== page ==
READING PASSAGE 1 from Cambridge IELTS 16 Academic
You should spend about 20 minutes on Questions 1-13 which are based on Reading Passage 1 below.
The Romans, who once controlled areas of Europe, North Africa and Asia Minor, adopted the construction techniques of other civilizations to build tunnels in their territories
The Persians, who lived in present-day Iran, were one of the first civilizations to build tunnels that provided a reliable supply of water to human settlements in dry areas. In the early first millennium BCE, they introduced the qanat method of tunnel construction, which consisted of placing posts over a hill in a straight line, to ensure that the tunnel kept to its route, and then digging vertical shafts down into the ground at regular intervals. Underground, workers removed the earth from between the ends of the shafts, creating a tunnel. The excavated soil was taken up to the surface using the shafts, which also provided ventilation during the work. Once the tunnel was completed, it allowed water to flow from the top of a hillside down towards a canal, which supplied water for human use. Remarkably, some qanats built by the Persians 2,700 years ago are still in use today.
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They later passed on their knowledge to the Romans, who also used the qanat method to construct water-supply tunnels for agriculture. Roma qanat tunnels were constructed with vertical shafts dug at intervals of between 30 and 60 meters. The shafts were equipped with handholds and footholds to help those climbing in and out of them and were covered with a wooden or stone lid. To ensure that the shafts were vertical, Romans hung a plumb line from a rod placed across the top of each shaft and made sure that the weight at the end of it hung in the center of the shaft. Plumb lines were also used to measure the depth of the shaft and to determine the slope of the tunnel. The 5.6-kilometer-long Claudius tunnel, built in 41 CE to drain the Fucine Lake in central Italy, had shafts that were up to 122 meters deep, took 11 years to build and involved approximately 30,000 workers.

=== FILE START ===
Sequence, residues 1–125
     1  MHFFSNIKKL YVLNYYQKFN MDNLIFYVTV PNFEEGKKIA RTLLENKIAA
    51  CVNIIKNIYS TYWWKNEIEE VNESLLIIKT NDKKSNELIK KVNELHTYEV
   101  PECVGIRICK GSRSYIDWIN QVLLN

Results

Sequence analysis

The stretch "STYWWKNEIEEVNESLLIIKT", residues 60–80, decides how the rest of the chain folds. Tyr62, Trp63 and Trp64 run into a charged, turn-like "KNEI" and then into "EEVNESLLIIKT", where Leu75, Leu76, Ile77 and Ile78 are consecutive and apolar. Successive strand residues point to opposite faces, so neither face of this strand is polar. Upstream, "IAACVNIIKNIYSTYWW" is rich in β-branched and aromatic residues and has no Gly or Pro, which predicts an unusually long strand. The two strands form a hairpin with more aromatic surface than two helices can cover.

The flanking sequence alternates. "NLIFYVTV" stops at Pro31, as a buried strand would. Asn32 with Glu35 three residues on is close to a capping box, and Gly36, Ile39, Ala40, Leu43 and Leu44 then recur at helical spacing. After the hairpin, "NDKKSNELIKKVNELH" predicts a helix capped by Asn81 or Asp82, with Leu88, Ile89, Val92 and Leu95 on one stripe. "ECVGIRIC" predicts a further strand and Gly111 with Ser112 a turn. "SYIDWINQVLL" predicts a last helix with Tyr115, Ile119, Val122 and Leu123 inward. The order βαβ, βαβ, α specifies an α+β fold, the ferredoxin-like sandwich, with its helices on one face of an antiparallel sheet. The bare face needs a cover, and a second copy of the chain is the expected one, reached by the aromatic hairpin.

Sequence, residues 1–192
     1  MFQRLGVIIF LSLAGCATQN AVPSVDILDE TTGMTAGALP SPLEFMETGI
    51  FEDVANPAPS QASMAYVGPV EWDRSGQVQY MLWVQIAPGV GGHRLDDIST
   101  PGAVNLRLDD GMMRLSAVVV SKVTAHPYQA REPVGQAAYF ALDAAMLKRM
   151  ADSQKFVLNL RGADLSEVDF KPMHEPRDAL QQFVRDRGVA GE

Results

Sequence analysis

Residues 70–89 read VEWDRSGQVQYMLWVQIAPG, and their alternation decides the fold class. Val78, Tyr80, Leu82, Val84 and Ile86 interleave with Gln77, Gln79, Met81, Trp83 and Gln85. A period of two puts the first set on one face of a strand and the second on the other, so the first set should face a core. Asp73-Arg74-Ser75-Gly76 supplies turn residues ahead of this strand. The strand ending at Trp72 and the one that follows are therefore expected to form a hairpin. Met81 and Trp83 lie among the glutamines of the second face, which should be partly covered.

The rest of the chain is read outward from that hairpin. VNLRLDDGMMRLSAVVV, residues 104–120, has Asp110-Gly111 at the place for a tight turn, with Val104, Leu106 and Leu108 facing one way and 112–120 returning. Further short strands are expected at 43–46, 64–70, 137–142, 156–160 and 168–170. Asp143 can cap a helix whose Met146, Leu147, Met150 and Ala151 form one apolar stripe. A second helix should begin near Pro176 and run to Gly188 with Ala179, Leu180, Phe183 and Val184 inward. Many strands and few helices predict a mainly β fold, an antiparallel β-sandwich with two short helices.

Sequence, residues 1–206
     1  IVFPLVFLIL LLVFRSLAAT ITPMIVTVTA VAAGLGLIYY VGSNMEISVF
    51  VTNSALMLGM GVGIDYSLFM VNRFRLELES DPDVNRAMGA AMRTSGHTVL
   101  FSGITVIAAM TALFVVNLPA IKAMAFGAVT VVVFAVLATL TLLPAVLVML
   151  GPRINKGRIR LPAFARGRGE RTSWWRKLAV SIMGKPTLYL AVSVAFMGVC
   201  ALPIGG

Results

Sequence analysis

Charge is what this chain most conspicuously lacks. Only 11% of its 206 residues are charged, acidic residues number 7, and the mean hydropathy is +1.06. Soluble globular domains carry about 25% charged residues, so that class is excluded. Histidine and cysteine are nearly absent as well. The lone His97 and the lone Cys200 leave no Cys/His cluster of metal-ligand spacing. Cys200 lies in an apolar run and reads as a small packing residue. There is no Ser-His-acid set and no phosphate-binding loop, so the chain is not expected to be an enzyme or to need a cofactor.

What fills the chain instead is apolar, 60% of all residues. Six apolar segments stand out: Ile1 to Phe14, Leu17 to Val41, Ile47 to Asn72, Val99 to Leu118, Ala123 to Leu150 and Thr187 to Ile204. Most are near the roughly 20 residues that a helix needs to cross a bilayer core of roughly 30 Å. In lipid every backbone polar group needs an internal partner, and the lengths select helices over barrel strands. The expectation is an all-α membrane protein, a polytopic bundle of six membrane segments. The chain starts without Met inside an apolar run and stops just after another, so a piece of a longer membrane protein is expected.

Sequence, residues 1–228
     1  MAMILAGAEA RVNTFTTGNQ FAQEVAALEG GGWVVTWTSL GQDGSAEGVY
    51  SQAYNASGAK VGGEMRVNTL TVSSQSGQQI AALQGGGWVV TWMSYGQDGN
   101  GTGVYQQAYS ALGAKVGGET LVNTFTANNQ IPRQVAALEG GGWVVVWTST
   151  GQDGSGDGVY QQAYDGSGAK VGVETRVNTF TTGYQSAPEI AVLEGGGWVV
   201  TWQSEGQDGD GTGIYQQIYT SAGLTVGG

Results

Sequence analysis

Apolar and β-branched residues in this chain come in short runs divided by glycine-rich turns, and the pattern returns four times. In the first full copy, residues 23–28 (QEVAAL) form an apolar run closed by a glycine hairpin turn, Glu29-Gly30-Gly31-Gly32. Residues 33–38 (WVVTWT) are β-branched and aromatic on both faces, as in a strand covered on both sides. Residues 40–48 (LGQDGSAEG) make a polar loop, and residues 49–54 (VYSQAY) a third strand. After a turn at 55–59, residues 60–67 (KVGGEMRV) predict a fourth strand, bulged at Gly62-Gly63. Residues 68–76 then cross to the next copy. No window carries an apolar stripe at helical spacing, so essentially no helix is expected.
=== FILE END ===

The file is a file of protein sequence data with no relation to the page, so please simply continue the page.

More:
By the 6th century BCE, a second method of tunnel construction appeared called the counter-excavation method, in which the tunnel was constructed from both ends. It was used to cut through high mountains when the qanat method was not a practical alternative. This method required greater planning and advanced knowledge of surveying, mathematics and geometry as both ends of a tunnel had to meet correctly at the center of the mountain. Adjustments to the direction of the tunnel also had to be made whenever builders encountered geological problems or when it deviated from its set path. They constantly checked the tunnel’s advancing direction, for example, by looking back at the light that penetrated through the tunnel mouth, and made corrections whenever necessary. Large deviations could happen, and they could result in one end of the tunnel not being usable. An inscription written on the side of a 428-meter tunnel, built by the Romans as part of the Saldae aqueduct system in modern-day Algeria, describes how the two teams of builders missed each other in the mountain and how the later construction of a lateral link between both corridors corrected the initial error.